Learn how to retouch skin with a technique called frequency separation. It is the most popular way to retouch skin and it does a lot with very little effort. In this tutorial, you’ll learn how to apply frequency separation with a fully editable and nondestructive layer setup. This will let you readjust the settings or even make changes to your original layer without having to redo every step.

What is Frequency Separation?

Frequency separation is a technique to give skin an airbrushed look. It does so by splitting your photo into two layers: a high and low frequency layer.

  • A high frequency layer is made with the high-pass filter. It holds the sharp details of your photo.
  • A low frequency layer is made with the gaussian-blur filter and holds the tones and colors of your photo.

When combined, these two layers form a normal-looking image. By adjusting the balance of these two layers, you can choose how much softening to apply in the low-pass layer and how much detail to restore in the high-pass layer.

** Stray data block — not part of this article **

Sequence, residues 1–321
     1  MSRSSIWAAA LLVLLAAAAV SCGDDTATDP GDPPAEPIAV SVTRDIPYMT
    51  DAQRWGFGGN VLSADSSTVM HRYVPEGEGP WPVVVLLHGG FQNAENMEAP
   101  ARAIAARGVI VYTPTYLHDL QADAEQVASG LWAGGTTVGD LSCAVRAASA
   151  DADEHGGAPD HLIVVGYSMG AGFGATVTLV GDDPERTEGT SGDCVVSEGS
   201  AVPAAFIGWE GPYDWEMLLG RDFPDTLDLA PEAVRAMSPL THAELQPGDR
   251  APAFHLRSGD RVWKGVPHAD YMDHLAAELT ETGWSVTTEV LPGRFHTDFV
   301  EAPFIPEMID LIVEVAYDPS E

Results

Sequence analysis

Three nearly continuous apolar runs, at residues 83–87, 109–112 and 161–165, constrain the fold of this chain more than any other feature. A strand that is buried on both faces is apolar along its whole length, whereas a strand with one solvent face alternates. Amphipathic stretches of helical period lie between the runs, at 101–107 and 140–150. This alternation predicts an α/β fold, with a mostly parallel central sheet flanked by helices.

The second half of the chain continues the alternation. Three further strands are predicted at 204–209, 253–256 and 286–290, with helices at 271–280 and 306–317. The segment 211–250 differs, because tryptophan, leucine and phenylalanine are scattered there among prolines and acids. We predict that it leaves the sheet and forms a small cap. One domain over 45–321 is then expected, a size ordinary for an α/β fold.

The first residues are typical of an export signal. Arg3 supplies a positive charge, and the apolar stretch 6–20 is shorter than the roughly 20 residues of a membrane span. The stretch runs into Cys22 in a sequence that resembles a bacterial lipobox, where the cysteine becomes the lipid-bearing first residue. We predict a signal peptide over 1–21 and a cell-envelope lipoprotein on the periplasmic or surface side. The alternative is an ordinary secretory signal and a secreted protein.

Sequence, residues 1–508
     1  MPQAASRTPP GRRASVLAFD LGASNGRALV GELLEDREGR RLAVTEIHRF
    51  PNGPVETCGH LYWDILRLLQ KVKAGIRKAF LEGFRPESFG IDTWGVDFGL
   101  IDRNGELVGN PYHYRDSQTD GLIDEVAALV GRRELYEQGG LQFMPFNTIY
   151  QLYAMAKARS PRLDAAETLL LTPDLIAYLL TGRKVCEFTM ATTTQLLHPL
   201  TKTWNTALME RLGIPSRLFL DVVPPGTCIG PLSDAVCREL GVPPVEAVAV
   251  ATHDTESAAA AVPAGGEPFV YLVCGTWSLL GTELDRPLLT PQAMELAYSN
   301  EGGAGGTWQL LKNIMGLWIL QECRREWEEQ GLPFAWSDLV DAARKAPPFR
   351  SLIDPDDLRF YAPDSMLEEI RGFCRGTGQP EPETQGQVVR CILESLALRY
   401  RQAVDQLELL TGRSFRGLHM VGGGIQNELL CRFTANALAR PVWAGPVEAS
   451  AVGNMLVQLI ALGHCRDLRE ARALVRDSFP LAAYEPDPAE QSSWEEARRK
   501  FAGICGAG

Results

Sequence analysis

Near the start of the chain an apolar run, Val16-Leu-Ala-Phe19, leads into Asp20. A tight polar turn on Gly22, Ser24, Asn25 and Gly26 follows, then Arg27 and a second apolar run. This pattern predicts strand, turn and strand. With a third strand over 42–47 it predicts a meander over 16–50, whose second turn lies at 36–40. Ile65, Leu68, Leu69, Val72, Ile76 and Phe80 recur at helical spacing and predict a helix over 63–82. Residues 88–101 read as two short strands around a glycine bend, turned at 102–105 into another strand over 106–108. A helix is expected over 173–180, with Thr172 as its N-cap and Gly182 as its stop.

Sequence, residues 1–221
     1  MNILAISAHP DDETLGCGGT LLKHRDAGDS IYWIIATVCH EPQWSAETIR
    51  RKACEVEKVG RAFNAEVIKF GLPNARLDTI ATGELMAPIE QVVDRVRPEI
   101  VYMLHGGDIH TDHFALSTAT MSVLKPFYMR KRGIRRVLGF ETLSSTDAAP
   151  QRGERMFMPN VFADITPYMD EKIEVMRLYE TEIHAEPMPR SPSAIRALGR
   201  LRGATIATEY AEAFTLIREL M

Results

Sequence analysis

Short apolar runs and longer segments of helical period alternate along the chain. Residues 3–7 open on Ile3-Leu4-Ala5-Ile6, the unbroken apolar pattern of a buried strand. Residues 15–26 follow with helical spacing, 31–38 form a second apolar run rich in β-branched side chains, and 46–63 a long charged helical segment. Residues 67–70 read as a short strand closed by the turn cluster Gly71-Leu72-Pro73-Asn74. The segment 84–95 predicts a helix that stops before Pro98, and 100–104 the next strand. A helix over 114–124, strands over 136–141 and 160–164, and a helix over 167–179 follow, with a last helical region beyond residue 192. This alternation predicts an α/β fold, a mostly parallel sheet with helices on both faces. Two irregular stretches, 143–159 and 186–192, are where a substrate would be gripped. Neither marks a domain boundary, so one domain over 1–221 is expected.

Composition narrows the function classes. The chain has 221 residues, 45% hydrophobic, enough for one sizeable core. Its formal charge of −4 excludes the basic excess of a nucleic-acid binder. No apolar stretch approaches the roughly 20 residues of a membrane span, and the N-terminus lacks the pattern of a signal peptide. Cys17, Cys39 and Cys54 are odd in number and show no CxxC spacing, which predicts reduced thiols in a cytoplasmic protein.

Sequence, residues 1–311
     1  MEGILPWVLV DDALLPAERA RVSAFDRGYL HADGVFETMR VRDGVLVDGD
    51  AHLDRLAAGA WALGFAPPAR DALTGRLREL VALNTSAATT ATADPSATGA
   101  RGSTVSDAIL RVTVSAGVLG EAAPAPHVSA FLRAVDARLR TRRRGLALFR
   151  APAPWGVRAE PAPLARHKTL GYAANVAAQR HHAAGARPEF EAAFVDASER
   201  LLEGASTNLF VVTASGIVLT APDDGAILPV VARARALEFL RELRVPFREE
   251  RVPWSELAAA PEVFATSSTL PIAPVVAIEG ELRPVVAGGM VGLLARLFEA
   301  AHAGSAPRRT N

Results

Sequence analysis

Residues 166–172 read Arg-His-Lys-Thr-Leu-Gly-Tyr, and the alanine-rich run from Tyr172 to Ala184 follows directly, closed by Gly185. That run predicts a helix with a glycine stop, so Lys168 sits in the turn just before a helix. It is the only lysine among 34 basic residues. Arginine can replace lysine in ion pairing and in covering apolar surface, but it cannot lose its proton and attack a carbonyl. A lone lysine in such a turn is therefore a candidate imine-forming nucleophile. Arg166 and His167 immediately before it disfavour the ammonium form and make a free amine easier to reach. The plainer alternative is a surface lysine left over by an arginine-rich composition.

Frequency Separation Myths

To clear up some myths, frequency separation is not going to do all the retouching for you. It’s not going to remove blemishes, it’s not going to mattify skin, remove redness, fix skin discolorations, etc. It’s just a single technique to quickly enhance the skin texture and tones. It doesn’t take a lot of time to do and when done properly, it can look very natural.

Free Skin Retouching Photoshop Actions

Before we start, if you’re just looking for something to do this for you, you can download my Skin retouching actions. The free version has an action to generate the layers you need to do frequency separation and they’re done using the same layer setup and nondestructive techniques as this tutorial. But whether you use the actions, I still recommend following this video so that you can understand how it works and how you can fine tune the settings for better results.

Frequency Separation Photoshop Tutorial

For this tutorial, instead of using a photo of someone who already looks great and was photographed with soft lighting, I’ll be using this image which isn’t the most flattering way to photograph someone so that you can see the limitations of frequency separation.

Step 1

We need to create two layers – one for the high frequency filter and one for the low frequency filter. Start by right-clicking on the Background layer and choosing Convert to Smart Object. It’s very important that your layer is a Smart Object because you’re likely not going to get the perfect settings the first time. It’ll take some back and forth adjustments to get the best results and by using Smart Objects, you can always go back and edit the settings later. There’s also another significant benefit to this but I’ll explain more later.